Transport mechanisms.

Facilitated transport is a special process carried out in a membrane. It is different from most of the other membrane processes which are alternative forms of filtration or depend on diffusion and solubility in thin polymer films. It involves specific chemical reactions like those in extraction. Facilitated transport has got four characteristics: (1) It is highly selective; (2) It is easily poisoned; (3) A maximum flux can be acquired at high concentration differences; (4) It can concentrate and separate the target solute. These characteristics make it different from other membrane separations, and point 3 and 4 are the most powerful evidence that facilitated transport is occurring.

Both SLMs and PIMs are based on facilitated transport. They use membrane to selective transport a target solute from one aqueous solution to another. This overall process consists of two processes. One is the diffusion of target solute across the membrane, and the other one is the transfer of the target solute across the two interfaces. First, the carrier molecule in the membrane picks up metal ion/species from the feed solution to form a complex. Then, the complex diffuses to the other side of the membrane. Last, the metal ion/species are released into the strip solution through decomplexation and free carrier diffuses back across the membrane for use in another cycle. The solute transport through the two interfaces is similar in both SLMs and PIMs, but the actual bulk diffusion within the membrane phase can be quite different. That's because SLMs are totally different from PIMs in their composition and morphology.

5.1 Interfacial transport mechanisms.

The interfacial transport mechanisms have been studied by several authors. It has been found that the diffusion process through this aqueous stagnant layer is relatively fast and can be ignored when suitable hydrodynamic conditions are maintained. Figure 2 describes the coupled transport of a positively charged (M+) or negatively charged (M-) species through a PIM. It can be seen that coupled transport can be divided into two types: one is co-transport and the other one is counter-transport.

Figure 2. Schematic description of coupled transport of a positively charged (M+) or negatively charged (M-) species through a PIM. C represents the carrier and X is an aqueous soluble coupled-transport ion. [M+], [M-], [X-] and [X+] represent the total analytical concentrations of the respective solute in the bulk aqueous phases. (a) The target solute is a cation and is concurrently transported with a coupled-transport anion; (b) the target solute is a cation and is counter-currently transported with a coupled-transport cation; (c) the target solute is an anion and is counter-currently transported with a coupled-transport anion; (d) the target solute is an anion and is concurrently transported with a couple transport cation.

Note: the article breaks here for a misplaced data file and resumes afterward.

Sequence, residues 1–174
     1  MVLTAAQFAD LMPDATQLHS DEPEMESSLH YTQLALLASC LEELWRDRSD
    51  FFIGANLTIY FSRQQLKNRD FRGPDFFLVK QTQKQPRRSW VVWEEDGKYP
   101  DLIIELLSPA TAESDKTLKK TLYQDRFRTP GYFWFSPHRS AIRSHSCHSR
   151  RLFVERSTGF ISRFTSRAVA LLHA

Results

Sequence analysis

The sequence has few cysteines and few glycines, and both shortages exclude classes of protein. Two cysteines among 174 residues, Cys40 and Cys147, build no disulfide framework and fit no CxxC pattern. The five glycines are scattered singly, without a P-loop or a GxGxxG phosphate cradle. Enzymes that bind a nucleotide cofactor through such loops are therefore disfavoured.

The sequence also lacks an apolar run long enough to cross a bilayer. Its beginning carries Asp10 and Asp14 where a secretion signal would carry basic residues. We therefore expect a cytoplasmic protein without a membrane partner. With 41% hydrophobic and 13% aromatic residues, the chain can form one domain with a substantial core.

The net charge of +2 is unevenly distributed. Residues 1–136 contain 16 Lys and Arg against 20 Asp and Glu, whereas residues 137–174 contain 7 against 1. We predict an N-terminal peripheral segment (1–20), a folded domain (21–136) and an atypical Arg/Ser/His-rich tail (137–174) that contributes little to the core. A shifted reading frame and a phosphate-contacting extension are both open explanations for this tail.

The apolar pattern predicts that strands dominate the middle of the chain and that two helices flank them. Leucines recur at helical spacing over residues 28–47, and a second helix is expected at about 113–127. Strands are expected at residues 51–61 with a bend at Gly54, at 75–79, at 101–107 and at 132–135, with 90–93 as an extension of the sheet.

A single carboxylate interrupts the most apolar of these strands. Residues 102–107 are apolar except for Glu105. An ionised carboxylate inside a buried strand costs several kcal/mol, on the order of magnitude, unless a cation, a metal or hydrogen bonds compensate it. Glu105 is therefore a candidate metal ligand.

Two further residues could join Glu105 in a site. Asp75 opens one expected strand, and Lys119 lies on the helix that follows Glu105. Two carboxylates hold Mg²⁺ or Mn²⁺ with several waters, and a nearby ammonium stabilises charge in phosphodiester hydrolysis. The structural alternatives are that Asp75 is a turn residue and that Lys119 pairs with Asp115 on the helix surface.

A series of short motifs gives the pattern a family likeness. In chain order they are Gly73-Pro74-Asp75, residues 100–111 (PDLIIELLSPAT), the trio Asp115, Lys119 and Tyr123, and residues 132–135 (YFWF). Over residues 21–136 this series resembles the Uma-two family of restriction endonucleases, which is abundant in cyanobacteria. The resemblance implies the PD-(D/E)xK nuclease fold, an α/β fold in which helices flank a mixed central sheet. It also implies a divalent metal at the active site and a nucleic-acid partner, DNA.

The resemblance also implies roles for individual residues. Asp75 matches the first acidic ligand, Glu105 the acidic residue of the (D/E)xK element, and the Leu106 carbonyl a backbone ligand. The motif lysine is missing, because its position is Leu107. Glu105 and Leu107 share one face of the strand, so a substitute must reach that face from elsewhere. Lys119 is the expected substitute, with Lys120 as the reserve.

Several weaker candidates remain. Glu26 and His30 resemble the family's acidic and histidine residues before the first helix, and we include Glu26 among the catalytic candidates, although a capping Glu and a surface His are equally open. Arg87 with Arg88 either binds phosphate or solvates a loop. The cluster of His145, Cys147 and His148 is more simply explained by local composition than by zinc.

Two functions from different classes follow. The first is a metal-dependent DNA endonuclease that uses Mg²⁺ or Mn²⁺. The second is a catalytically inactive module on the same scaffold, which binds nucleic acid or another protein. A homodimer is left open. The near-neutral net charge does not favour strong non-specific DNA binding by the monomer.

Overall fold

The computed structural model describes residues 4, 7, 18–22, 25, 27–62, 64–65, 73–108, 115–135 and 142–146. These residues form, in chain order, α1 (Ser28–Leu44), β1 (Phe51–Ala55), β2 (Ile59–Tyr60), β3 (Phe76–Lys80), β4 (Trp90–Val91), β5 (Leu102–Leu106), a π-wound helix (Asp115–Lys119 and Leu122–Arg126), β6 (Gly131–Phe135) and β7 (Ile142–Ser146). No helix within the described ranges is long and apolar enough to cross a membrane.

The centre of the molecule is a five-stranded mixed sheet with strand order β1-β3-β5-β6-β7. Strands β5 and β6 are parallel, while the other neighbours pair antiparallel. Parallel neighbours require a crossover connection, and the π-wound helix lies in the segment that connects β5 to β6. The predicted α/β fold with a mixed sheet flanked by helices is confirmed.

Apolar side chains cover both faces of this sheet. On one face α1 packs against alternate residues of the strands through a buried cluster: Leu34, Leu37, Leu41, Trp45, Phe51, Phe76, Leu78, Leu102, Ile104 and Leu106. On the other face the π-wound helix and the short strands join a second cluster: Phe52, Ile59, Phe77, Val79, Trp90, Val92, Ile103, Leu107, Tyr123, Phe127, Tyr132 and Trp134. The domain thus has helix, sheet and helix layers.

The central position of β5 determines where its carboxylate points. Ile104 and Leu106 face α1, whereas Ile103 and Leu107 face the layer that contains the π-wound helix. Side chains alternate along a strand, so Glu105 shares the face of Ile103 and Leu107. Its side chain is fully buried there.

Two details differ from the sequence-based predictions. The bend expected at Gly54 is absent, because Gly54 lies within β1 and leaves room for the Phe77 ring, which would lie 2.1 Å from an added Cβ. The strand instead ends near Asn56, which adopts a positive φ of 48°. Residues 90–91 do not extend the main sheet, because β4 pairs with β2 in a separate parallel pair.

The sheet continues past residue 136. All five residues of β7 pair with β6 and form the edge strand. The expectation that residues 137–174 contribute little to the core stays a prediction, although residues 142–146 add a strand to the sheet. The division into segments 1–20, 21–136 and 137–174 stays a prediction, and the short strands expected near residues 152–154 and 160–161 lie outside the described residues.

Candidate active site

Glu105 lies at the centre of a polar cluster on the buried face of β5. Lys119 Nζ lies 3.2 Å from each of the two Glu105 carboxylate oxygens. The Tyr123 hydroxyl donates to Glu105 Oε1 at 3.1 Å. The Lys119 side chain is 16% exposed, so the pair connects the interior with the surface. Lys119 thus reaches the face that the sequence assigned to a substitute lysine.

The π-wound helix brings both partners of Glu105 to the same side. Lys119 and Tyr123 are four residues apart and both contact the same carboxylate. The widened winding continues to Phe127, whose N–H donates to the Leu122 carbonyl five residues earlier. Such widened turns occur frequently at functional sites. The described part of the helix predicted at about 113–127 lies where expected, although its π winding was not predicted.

In co-transport, both metal ions and counter ions are transported from the feed solution through SLM and into the strip solution. First, the metal ion and counter ion react with the carrier C in the membrane to form a complex. Then, this complex diffuses across the membrane. Finally, the metal ion and counter ion are released into the strip solution together. The chemical reactions for this separation process are shown below.

Mn+ + nX- + C (membrane) → CMXn (membrane)

CMXn (membrane) → C (membrane) + Mn+ + nX-

In counter-transport, an acidic carrier, HC, loses a proton and reacts with the metal ion to form a complex MC at the feed solution-membrane interface. Then, the complex MC diffuses across the membrane. Thereafter it liberates the metal cation into the strip solution at the membrane-strip solution interface and picks up a proton from the strip solution simultaneously. Finally, the regenerated carrier HC diffuses back to the feed solution-membrane interface and repeats the whole process. The chemical reactions involved in this coupled transport are shown below.

Mn+ + nHC (membrane) → MCn (membrane) + nH+

MCn (membrane) + nH+ → nHC (membrane) + Mn+

In order to achieve the extraction process, the distribution ratio of the target solute/carrier complex between the organic phase of the membrane and the aqueous solution must be as high as possible. In order to achieve the back extraction of the target solute from the membrane phase, the distribution ratio of the target solute/carrier complex at the receiving site must be as low as possible. As a result, a concentration gradient of the target solute/carrier complex or ion-pair exists within the membrane phase to act as a driving force for its transport across the membrane. That is to say, uphill transport is actually downhill transport regarding the actual chemical species diffusing across the membrane, despite the fact that the total analytical concentration of the target solute in the source solution might be substantially lower than in the receiving solution. The total analytical concentration is the sum of the concentrations of all chemical species containing this metal ion.

The potential gradient of a coupled-transport ion across the membrane is another driving force for the uphill transport phenomenon. In a typical PIM process, the target solute is transported together with this ion to maintain electroneutrality. The facilitated transport of lead through polymeric inclusion membranes has been studied. The PIM consists of cellulose triacetate as polymeric support, bis-(2-ethylhexy)-phosphoric acid (D2EHPA) as carrier, and tris-(2-butoxyethyl) phosphate as plasticizer (TBEP). It was found that the potential gradient of protons can be seen as the driving force for the uphill transport of a metal cation across the membrane, and it could be maintained by adjusting the solution pH. It should be noted that the solution pH also influences the distribution ratio of the target solute between the aqueous solution and the membrane phase.